(based on 13 vegetables and fruits)
|United Kingdom – 1936 through 1987
(based on 20 vegetables and 20 fruits)
That’s a 21% decline in magnesium over a 30 year period. Since then, you can only imagine how this problem has only gotten worse, not better!
2. Organic vs. conventional myth
Non-essential phytonutrients – like certain antioxidants – do tend to be higher in organic produce. However when it comes to the essential vitamins and minerals, differences are not significant. So don’t delude yourself and assume you’re getting a lot more minerals from your organic lettuce! Most of the organic brands you buy at the grocery store utilize farming techniques comparable to the conventionally grown. (9) (10)
3. Denmark has the best produce
The word “best” may be subjective but there’s hard data to back that claim. Did you know that on a per capita basis, no other country in the world consumes more organic food?
Even their Department of Defense serves it at military bases!
Of course as we just pointed out, organic doesn’t mean more minerals. However in the case of Denmark it probably does, because unlike most other countries which just care about the bottom line, their government actively promotes sustainable farming practices, in addition to organic food. (11)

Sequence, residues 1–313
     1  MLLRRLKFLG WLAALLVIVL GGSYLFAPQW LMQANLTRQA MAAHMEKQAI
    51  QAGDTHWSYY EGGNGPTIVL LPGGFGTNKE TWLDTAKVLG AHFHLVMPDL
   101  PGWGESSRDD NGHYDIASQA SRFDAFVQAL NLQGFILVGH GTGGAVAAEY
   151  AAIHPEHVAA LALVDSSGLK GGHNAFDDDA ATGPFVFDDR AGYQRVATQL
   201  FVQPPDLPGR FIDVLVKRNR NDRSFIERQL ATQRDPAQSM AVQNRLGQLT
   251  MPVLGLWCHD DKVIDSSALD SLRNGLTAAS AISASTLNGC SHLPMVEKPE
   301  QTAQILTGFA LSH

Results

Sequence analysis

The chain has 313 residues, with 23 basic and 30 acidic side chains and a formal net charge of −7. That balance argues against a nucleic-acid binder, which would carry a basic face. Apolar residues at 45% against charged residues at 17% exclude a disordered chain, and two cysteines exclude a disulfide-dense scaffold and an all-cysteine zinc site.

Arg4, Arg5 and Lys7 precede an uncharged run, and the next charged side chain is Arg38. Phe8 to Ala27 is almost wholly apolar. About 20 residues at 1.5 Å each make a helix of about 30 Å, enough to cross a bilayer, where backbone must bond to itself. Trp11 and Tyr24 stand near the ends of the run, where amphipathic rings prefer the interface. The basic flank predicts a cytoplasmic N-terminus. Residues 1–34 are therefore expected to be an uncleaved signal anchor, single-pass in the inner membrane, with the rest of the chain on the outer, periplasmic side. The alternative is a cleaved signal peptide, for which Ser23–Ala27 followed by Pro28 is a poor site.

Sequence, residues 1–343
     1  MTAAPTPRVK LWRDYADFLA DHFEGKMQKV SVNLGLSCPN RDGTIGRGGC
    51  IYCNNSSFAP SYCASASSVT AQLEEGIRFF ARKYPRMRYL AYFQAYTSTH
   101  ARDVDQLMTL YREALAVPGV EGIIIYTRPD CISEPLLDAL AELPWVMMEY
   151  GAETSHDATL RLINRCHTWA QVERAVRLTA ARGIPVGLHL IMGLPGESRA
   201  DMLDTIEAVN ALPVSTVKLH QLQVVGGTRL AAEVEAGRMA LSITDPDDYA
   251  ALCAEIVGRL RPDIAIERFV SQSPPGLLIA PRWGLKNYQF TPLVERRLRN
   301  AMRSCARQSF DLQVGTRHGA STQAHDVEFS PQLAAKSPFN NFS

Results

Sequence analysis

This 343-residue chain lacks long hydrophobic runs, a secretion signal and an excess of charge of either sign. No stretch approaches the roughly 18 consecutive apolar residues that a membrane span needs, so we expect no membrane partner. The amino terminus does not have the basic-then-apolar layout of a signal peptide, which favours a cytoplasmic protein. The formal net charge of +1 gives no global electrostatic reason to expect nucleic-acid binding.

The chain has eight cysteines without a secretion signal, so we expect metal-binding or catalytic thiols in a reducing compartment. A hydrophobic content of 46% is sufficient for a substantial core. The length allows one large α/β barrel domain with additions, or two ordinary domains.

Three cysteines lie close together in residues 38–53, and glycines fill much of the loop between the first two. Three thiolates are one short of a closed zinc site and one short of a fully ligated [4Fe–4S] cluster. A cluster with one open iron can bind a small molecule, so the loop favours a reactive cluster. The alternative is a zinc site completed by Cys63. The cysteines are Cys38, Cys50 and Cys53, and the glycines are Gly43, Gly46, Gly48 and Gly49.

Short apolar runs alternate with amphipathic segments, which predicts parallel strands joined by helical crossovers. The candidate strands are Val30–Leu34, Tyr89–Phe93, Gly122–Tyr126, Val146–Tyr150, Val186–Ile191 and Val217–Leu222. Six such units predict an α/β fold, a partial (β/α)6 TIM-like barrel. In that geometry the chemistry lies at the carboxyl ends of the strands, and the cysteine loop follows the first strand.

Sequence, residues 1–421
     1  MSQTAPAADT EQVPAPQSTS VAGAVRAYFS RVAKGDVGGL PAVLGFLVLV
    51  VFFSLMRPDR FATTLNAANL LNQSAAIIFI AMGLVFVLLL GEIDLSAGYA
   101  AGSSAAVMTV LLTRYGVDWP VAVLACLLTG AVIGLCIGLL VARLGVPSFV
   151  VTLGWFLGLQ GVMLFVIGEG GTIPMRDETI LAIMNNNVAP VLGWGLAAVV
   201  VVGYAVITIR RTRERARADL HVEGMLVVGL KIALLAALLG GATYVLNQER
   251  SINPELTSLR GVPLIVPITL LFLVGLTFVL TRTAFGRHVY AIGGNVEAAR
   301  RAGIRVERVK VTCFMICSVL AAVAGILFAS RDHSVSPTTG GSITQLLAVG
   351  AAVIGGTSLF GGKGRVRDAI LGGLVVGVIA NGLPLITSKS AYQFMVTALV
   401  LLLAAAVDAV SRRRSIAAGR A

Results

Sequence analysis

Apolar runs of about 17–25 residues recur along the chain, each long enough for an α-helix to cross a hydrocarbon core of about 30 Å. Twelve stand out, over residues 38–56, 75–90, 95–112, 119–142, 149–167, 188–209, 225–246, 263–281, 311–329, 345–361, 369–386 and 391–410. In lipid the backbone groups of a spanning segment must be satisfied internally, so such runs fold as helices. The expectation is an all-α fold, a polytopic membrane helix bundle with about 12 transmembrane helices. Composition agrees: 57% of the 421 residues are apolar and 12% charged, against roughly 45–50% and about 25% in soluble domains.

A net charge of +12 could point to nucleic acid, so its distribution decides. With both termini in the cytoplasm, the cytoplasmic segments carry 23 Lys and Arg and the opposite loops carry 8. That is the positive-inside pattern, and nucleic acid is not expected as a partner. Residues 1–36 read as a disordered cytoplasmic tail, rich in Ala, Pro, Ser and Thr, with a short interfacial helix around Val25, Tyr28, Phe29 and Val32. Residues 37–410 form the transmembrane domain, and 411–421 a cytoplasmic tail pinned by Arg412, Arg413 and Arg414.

In short, the Danish study doesn’t necessarily translate to how much magnesium vegans are consuming in the United States, Canada, United Kingdom, and elsewhere.
4. Meeting the RDA doesn’t mean ideal
The RDA is the amount needed to fulfill the minimum requirement for 97% of healthy individuals. (12)
It is not for people with certain health problems, diseases, and lifestyles who may need more.
If you live a high-stress lifestyle, you may need more. This is because both mental and physical stress increase how much magnesium your body eliminates. (13)